Next time you hand over the iPad or buy that app your kids desperately want, take a minute to consider how that technology is impacting their life. Take a minute to ask yourself if you really know what is happening in their online world? Do you care? Because you should… and here’s why:
1. Kids are learning, connecting and creating amazing content online.
Kids are becoming entrepreneurs, inventors, and making it rich by the content and businesses they are creating. MattyBRaps is a 13 year old singer who started sharing his talent on YouTube and now has over 7 million subscribers. There is a group of students in Edmonton who are designing an app to combat cyberbullying even before it happens! The future will bring new technology designed by our kids and it has already started.
2. There are criminals that search for and target kids online
These people create fake social media accounts with the intention to meet kids in real life (internet luring) or extort money from them in exchange for pornography (sextortion) The perpetrator follows a process to groom their victim. They will learn all the habits, interests, likes/dislikes about the child and use that information to gain their trust. Once they have this trust, the perpetrator will create an opportunity to meet their victim and cultivate a relationship. They will then use blackmail or shame to keep the child from leaving that relationship.
3. Cyberbullying can have long term effects.
One third of Canadian kids have reported being the victim of cyberbullying. Bullying the digital way allows the bully to hide behind technology. Without seeing the effects and reactions of the victims, online bullying makes it easier for bullies to persist or become more aggressive. Victims of cyberbullying can become depressed, isolated, fearful and may even resort to self harm or suicide.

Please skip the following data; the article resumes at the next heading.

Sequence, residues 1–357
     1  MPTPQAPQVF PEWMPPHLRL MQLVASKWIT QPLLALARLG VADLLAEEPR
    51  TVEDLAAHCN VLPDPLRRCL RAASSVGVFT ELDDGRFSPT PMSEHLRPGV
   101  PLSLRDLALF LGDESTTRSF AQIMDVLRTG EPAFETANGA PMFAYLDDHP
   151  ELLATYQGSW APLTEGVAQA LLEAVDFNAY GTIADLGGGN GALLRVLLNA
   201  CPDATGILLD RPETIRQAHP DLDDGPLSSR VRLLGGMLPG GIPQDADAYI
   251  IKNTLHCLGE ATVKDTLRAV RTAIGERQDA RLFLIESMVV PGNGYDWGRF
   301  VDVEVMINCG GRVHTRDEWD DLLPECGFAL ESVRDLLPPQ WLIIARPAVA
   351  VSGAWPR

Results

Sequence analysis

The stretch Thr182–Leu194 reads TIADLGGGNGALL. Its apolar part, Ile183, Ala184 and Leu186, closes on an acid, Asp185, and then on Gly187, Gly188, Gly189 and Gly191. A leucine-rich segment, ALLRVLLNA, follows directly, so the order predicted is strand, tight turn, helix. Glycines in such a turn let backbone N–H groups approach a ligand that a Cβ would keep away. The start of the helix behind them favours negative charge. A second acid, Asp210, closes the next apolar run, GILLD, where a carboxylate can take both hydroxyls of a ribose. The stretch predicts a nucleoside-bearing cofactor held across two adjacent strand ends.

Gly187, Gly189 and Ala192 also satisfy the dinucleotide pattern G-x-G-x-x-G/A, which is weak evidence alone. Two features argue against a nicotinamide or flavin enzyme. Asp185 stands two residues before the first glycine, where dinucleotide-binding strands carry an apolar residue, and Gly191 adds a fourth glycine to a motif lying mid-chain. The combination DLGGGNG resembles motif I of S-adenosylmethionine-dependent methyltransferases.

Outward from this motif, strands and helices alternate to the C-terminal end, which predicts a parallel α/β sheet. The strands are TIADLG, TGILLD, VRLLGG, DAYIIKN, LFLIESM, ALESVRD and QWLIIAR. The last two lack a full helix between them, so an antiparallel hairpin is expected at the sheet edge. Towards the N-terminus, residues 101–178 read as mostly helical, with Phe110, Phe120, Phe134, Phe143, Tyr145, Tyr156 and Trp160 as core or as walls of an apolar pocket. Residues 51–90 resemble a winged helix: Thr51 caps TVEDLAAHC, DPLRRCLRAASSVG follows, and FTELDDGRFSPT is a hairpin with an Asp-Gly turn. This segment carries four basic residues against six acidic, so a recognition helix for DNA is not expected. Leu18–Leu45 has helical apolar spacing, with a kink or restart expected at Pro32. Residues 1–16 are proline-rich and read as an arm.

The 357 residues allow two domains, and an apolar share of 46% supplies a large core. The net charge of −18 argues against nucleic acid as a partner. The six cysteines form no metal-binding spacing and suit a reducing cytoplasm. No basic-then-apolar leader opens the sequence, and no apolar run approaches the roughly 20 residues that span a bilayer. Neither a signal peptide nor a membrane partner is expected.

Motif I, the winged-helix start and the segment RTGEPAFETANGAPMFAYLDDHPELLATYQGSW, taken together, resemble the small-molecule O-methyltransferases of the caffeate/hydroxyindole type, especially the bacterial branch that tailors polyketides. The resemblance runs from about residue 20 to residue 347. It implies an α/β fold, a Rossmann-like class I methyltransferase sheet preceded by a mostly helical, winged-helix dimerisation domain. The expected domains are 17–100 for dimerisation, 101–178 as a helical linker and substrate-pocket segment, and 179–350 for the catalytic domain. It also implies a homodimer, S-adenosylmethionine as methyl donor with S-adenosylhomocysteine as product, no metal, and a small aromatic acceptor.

When sexual photos are shared without the consent of the person in the photo, things can get ugly. Canada’s Bill C-13 aims to protect kids’ personal integrity when it comes to information being shared online. That being said, the majority of occurrences aren’t reported and the spread of intimate photos can be devastating for teens.
5. We want to raise good digital citizens.
The technology kids use will not go away and we should not ignore it. Our kids have amazing opportunities to be innovative and involved in creating a kind and ethical digital world. They have the tools available to them, but they need us to guide the way. They need us to provide the resources and the decision making capability to become good digital citizens. They need us to empower them to be kind upstanders, brave leaders, and daring inventors. Parents don’t need to know the exact details of every app or every website their kids use. But we do need to pay attention to their online behaviour, the choices they make and the relationships they foster. We need to encourage them to be creators and not just consumers. We need to empower them to make good online decisions now so that one day, they can make these decisions on their own.